Our analysis revealed that the indices appeared undervalued by historical standards.
We decided to have another look at the current valuations of the indices to recap performance and determine the price attractiveness today.
When we wrote our post last year, the small-cap index closed out at the level of 5,550.14.
The closing level today is 7,006.73 – resulting in a gain of over 26% in a little over a year.
So, how does this level stack up against the basic fundamental metrics of the underlying businesses? Here’s a summary of the valuations sourced from the BSE website:
Table 1: Annual valuations (2006 to 2012)
Table 2: Monthly valuations (Last 12 Months)
Current Discount to Historical Median
As is apparent from the above tables, the small-cap index is still trading at a substantial discount from its historic valuations.
Despite the 26% appreciation in market values over the last 13 months, book values have grown at approximately the same pace. (The smaller discount is a result of including 2012 valuations to our sample last year).
Assuming we preferred to stick to historical facts without considering future prospects, the increase in market values just about kept pace with the increase in business values without any revision in market multiples.
Of course, the market may be moving toward a lower and more permanent valuation standard for small-cap companies. Furthermore, our previous sample of six years was shorter than ideal due to data constraints mentioned in last year’s post.
Our current sample of seven years may be more representative of a full business cycle than last year – particularly since it includes a mix of generally favourable business conditions (2006, 2007, 2008, 2010) and unfavourable ones (2009, 2011, 2012). Therefore, the median valuation may be a more appropriate ‘normal’. If anything, we think it may be on the conservative side.
If we continue on our path of sticking to the facts, the current valuation appears to be at a significant discount from a ‘normal’ valuation and would indicate considerable potential for appreciation before any meaningful risk (of impairment) materialises.
The reasons for such a large discount are easily obtainable from a casual reading of the prominent financial newspapers. The real question is whether there is an opportunity to invest at current prices with limited risk.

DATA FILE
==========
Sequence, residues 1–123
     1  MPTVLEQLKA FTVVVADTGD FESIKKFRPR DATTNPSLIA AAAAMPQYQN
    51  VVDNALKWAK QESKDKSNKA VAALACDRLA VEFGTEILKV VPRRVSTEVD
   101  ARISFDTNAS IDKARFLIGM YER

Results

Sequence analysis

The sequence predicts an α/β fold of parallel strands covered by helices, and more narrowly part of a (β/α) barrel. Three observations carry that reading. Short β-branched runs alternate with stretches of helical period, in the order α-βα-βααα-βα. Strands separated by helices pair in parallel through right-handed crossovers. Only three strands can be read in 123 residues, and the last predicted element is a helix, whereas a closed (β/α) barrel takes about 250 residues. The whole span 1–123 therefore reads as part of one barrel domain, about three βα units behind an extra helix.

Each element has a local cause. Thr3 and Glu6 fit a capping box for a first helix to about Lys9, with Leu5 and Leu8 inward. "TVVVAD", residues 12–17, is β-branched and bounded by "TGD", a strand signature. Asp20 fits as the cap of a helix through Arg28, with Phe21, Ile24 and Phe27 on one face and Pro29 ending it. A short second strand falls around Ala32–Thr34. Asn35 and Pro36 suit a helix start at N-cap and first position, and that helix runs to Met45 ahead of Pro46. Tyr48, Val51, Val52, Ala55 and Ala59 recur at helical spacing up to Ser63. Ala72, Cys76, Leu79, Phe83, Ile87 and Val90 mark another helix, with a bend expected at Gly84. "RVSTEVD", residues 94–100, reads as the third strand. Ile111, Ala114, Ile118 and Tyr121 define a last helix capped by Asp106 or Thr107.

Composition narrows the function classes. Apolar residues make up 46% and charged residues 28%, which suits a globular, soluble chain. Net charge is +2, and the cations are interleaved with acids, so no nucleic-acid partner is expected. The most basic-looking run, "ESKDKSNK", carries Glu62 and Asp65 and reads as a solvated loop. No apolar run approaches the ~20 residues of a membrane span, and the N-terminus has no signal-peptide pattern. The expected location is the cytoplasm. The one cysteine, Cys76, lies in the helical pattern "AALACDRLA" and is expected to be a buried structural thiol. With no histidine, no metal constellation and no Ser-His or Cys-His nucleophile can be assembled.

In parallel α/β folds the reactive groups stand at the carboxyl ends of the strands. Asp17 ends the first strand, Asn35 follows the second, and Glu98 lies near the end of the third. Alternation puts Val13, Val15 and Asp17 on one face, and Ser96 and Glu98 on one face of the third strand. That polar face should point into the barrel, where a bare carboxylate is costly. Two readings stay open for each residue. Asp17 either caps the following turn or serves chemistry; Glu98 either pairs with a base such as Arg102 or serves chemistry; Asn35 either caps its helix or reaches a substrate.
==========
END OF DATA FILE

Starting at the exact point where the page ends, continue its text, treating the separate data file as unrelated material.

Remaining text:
Buoyed by the performance of the previous year, it is easy to get over-confident and presume that there is nothing but good that can happen to investors at current prices over the long-run. But this would be naive.
We know that markets can do silly things over the short-run and it has just as much chance of quoting significantly lower prices as higher.
Since we are writing for true businesslike investors rather than market speculators, the above factor should not concern us. What should concern us is permanent impairment of business values.
Again, a number of factors may be quoted to prove this point – such as a permanently lower growth rate for the country, unreliability of the executive branch of government, poor investment rate, etc.
We are not qualified to pass judgment on the above factors – what is clear is that the market has passed its verdict and it is evident in current prices.
IF we operate under the assumption that the market has a tendency to over-react to positive and negative news, AND that small businesses in India will continue to operate in the future pretty much as they have over the last seven years, current prices may offer an attractive buying opportunity despite last year’s price appreciation.
As the legendary investor Warren Buffett said: “The future is never clear; you pay a very high price in the stock market for a cheery consensus. Uncertainty actually is the friend of the buyer of long-term values.” And “So if you wait for the robins, spring will be over.”